US Information Technology
If we let raw numbers tell the story, minority under
representation and racism appears to be
especially prevalent in Information Technology, lurking just under
the covers, hidden and well-disguised behind rigorous education
requirements and institutional barriers. I recently visited
Silicon Valley, the bastion of the white Anglo Saxon computer nerd,
and the higher you go in the high-tech ranks, the whiter it seems to get.
I've been a database administrator for 25 years and I've rarely
met an African-American DBA and even fewer Oracle DBA's like me, with Native
This UCLA document
High-Tech Industries in California:
Panacea or Problem? notes
the institutional racism with minorities in Information Systems in
"If we look at ethnic breakdown of employment, we see in
figure 3a that Hispanics were underrepresented in the top ten
high-tech industries in 1984, and the disparity grew in 1999
when only 5 percent of Hispanics were employed in high-tech
industries . . .
The bad news is that the top ten high-tech industries hire
fewer than 11 percent of California workers, and only 6 percent
of California workers are scientists, engineers or technicians."
This study notes that many high-tech industries require a college
degree, leaving-out those minorities without the resources to pursue
an advanced education at a high-quality university:
"Furthermore high-tech industries do not create many jobs for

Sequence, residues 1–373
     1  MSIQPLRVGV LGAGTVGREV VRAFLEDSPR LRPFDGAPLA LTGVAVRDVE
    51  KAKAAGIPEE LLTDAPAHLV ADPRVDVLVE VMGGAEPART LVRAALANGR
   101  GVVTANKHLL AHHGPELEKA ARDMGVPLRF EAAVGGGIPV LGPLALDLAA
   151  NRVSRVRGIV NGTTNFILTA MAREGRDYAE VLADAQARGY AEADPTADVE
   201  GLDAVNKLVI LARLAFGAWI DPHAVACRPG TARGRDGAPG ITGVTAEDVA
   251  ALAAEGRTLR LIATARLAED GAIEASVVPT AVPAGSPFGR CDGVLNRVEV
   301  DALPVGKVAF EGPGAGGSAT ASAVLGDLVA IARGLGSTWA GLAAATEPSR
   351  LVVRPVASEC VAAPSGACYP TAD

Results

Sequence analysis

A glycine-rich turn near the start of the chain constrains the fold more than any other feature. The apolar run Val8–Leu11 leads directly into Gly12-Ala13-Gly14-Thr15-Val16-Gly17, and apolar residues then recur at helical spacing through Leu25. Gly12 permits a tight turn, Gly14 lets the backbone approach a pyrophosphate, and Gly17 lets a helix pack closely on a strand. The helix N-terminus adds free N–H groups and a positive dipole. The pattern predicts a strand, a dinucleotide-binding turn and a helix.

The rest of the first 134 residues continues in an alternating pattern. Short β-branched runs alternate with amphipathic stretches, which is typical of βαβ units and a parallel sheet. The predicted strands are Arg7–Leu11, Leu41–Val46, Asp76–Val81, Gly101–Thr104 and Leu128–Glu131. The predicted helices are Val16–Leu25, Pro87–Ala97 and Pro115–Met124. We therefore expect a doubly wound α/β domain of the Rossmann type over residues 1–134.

workers with no college: only 20 percent of workers in high-tech
industries have a high school degree (or less), while 50 percent
of them have college and advanced degrees.
Blacks and Latinos
are relatively under-represented at high-tech jobs."
But it's not just prejudice against the under-educated, the
quality of the degree also acts as a barrier to entry by minorities
into the high-tech Information Technology industries. Isn't
White Colleges Preferred?
For example, most of the top
note that they hire their software developers from the "top"
universities, difficult challenging institutions which have notorious barriers to
notes choices of schools for "top candidates" are often limited
to schools with comparatively tiny minority enrollment percentages:
"According to the e-mail, Oracle recruits "top candidates"
for product development from MIT, Stanford, CMU (likely Carnegie
Mellon University), Princeton, Wisconsin, Yale, Dartmouth,
Brown, Caltech, Berkeley, Harvard and Cornell.
In addition, the e-mail continues, Oracle will consider "top
candidates" from the University of Texas Austin, Duke, Penn,
Georgia Institute of Technology (grad students) and "any top
international schools," it reads."
The two-tiered University system
But it's not like large software companies like Oracle and
recruit from universities with high minority enrollments, like
DeVry, a university which claims to be one of the top producers of
engineers in the USA.
The numbers speak for themselves,
racism is alive and well in the US Information Systems industry.
I work in a minority-owned company, and Burleson Consulting is
proud of our collection of Oracle experts of many races and creeds.